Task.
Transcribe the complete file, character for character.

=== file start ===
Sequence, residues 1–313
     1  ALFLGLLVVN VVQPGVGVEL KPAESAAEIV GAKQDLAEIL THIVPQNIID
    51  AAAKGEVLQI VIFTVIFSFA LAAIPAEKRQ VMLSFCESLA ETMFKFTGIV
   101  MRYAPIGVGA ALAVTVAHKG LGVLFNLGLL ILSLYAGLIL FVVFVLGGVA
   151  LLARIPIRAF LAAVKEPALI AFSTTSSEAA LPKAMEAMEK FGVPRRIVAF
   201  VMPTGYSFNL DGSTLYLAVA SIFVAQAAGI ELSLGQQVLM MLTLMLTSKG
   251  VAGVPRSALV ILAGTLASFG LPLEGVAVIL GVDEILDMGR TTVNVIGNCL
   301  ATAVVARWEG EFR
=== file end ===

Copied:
Sequence, residues 1–313
     1  ALFLGLLVVN VVQPGVGVEL KPAESAAEIV GAKQDLAEIL THIVPQNIID
    51  AAAKGEVLQI VIFTVIFSFA LAAIPAEKRQ VMLSFCESLA ETMFKFTGIV
   101  MRYAPIGVGA ALAVTVAHKG LGVLFNLGLL ILSLYAGLIL FVVFVLGGVA
   151  LLARIPIRAF LAAVKEPALI AFSTTSSEAA LPKAMEAMEK FGVPRRIVAF
   201  VMPTGYSFNL DGSTLYLAVA SIFVAQAAGI ELSLGQQVLM MLTLMLTSKG
   251  VAGVPRSALV ILAGTLASFG LPLEGVAVIL GVDEILDMGR TTVNVIGNCL
   301  ATAVVARWEG EFR